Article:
Gender and the Jubilee
Black Freedom and the Reconstruction of Citizenship in Civil War Missouri

Sharon Romeo

How the civil rights activism of African American women shaped the story of the wartime collapse of slavery

Reviews

“This is a landmark book. Rather than simply resulting from the work of lawmakers who ratified the Fourteenth Amendment during Reconstruction, the concept of ‘citizenship’ emerged out of the innumerable actions carried out by African Americans in the slaveholding states during the Civil War. Romeo shows that in war-torn Missouri, black women petitioned Union officers for their freedom, filed lawsuits against their former owners in military courts, and claimed widows’ pensions after the deaths of their veteran husbands. By documenting black women’s activism in a state where the Emancipation Proclamation did not even apply, Romeo forces us to reexamine precisely how and why constitutional and legal change occurred during this period.”
—Timothy Huebner, Irma O. Sternberg Professor of History, Rhodes College

"Romeo’s book is a concise, readable, and important addition to the literature on emancipation. She complicates the longstanding narrative of slavery to freedom by showing how black women moved from slavery to citizenship. . . Gender and the Jubilee will appeal to scholars and advanced students interested in the complexities of emancipation, the nature of federal law and authority during the Civil War, and the varieties of African American and women’s politics that emerged during the nineteenth century."
Civil War Book Review 


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Description

Gender and the Jubilee is a bold reconceptualization of black freedom during the Civil War that uncovers the political and constitutional claims made by African American women. By analyzing the actions of women in the urban environment of St. Louis and the surrounding areas of rural Missouri, Romeo uncovers the confluence of military events, policy changes, and black agency that shaped the gendered paths to freedom and citizenship.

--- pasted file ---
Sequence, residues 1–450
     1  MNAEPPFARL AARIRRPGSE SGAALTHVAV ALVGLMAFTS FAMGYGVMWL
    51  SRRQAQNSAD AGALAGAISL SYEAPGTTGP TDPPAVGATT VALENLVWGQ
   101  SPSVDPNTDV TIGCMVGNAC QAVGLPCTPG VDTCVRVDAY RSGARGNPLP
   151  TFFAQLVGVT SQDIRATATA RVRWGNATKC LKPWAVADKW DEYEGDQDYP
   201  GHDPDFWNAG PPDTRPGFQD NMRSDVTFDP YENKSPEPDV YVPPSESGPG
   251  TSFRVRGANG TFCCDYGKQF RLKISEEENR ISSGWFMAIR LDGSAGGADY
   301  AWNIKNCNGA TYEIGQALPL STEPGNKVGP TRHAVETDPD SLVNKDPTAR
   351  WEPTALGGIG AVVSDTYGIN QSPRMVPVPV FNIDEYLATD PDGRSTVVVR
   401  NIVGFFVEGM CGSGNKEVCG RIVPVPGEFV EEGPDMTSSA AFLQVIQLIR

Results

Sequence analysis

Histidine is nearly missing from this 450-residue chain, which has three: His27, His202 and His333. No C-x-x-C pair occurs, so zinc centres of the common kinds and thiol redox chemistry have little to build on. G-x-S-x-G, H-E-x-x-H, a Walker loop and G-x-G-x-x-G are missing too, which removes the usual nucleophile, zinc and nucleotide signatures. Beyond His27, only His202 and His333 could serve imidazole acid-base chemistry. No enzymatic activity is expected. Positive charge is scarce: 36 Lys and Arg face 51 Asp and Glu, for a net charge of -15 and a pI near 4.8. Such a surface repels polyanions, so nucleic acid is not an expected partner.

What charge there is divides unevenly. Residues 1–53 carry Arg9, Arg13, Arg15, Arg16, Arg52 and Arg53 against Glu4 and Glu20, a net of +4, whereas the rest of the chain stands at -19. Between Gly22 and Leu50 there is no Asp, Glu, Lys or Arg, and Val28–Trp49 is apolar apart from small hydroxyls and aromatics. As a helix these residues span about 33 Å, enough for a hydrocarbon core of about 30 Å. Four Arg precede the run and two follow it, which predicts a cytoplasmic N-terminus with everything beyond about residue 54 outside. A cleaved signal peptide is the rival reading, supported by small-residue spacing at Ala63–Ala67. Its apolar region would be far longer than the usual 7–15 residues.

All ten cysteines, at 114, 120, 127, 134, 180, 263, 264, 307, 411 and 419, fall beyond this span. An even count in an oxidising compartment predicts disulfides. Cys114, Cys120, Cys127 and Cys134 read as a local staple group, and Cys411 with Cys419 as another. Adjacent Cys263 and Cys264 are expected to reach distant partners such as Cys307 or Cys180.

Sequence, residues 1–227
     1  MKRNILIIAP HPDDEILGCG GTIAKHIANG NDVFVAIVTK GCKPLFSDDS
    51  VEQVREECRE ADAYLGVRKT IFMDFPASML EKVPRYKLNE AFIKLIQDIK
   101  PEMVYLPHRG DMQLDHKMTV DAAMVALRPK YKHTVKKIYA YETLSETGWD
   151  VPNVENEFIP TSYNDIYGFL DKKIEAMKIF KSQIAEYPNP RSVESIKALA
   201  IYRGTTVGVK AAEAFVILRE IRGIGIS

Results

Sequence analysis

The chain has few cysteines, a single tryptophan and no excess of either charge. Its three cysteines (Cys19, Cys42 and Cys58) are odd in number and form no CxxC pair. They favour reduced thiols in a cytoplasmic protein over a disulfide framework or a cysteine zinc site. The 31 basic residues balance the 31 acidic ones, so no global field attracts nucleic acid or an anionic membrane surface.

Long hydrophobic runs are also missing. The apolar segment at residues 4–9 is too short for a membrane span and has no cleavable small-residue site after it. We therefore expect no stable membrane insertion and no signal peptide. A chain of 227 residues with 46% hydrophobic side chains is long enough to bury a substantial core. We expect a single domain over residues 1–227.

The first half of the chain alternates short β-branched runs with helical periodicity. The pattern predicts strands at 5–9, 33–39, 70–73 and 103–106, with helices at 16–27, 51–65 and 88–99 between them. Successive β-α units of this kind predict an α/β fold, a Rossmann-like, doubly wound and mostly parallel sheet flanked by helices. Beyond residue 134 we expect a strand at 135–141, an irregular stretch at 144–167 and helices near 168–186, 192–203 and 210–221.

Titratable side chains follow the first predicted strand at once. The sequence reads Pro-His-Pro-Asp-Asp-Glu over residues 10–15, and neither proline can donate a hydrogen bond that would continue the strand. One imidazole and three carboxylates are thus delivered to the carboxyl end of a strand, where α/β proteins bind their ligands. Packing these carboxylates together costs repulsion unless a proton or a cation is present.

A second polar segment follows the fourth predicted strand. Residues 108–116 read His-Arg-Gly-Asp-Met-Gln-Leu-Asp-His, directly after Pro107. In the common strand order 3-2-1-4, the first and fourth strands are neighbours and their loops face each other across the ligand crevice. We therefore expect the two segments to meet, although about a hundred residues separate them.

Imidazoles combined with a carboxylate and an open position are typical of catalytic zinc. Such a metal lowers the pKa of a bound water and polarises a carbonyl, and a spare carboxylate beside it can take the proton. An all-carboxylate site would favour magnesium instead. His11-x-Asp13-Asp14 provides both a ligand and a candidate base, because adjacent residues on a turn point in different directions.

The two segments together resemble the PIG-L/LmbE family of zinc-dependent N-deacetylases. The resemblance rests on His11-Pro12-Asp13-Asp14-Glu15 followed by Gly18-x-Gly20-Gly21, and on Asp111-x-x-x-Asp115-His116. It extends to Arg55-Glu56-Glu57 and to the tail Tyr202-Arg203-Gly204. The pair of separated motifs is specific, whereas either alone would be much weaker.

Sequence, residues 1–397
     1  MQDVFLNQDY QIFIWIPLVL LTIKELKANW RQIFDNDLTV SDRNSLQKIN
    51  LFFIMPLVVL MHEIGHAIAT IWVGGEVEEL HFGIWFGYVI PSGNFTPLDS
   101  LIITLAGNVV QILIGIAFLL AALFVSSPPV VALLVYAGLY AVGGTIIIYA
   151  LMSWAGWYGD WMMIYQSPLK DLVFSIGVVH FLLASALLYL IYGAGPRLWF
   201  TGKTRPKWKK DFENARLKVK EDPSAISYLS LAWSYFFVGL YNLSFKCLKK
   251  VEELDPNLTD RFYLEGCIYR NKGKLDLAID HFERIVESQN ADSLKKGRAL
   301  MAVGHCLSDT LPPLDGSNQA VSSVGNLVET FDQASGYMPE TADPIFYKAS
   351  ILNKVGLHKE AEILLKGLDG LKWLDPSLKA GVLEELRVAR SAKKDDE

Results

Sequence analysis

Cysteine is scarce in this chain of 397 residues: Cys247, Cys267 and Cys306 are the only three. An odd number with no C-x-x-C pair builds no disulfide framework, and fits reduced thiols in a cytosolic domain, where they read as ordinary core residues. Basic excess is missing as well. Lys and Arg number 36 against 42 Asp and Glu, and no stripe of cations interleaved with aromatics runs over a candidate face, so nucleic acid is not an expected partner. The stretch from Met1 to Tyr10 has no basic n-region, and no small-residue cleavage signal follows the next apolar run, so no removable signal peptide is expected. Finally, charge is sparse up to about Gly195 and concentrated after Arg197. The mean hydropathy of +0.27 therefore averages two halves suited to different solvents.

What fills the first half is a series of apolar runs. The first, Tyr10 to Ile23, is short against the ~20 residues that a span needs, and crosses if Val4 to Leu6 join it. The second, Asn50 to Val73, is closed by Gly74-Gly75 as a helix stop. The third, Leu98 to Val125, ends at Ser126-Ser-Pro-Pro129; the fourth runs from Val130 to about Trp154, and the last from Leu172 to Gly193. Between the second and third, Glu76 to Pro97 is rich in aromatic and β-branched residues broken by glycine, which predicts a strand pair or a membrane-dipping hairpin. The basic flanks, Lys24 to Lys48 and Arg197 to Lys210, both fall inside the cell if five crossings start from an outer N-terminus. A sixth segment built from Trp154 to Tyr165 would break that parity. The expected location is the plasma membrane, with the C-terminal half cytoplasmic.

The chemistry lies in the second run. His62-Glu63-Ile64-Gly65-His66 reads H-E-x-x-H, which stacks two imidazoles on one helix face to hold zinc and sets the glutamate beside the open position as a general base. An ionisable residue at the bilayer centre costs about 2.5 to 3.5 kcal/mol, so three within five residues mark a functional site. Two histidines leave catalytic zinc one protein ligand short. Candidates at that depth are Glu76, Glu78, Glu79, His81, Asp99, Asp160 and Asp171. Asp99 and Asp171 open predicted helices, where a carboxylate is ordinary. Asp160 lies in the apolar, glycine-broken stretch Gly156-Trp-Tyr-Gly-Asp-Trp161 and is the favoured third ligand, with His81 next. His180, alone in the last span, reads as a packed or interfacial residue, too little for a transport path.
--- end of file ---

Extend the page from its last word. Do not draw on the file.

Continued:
During the turbulent years of the Civil War crisis, African American women asserted their vision of freedom through a multitude of strategies. They took concerns ordinarily under the jurisdiction of civil courts, such as assault and child custody, and transformed them into military matters. African American women petitioned military police for “free papers”; testified against former owners; fled to contraband camps; and “joined the army” with their male relatives, serving as cooks, laundresses, and nurses.

Freedwomen, and even enslaved women, used military courts to lodge complaints against employers and former masters, sought legal recognition of their marriages, and claimed pensions as the widows of war veterans. Through military venues, African American women in a state where the institution of slavery remained unmolested by the Emancipation Proclamation, demonstrated a claim on citizenship rights well before they would be guaranteed through the establishment of the Fourteenth Amendment. The litigating slave women of antebellum St. Louis, and the female activists of the Civil War period, left a rich legal heritage to those who would continue the struggle for civil rights in the postbellum era.

Series/imprint:
Southern Legal Studies

Page count: 256
17 b&w images, 2 diagrams, 2 tables
Trim size: 6 x 9

 



Hardcover
List price: $59.95
978-0-8203-4801-8
1/15/2016

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Ebook
List price: $59.95
978-0-8203-4804-9
1/15/2016
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Sharon Romeo is an assistant professor of history and classics at the University of Alberta.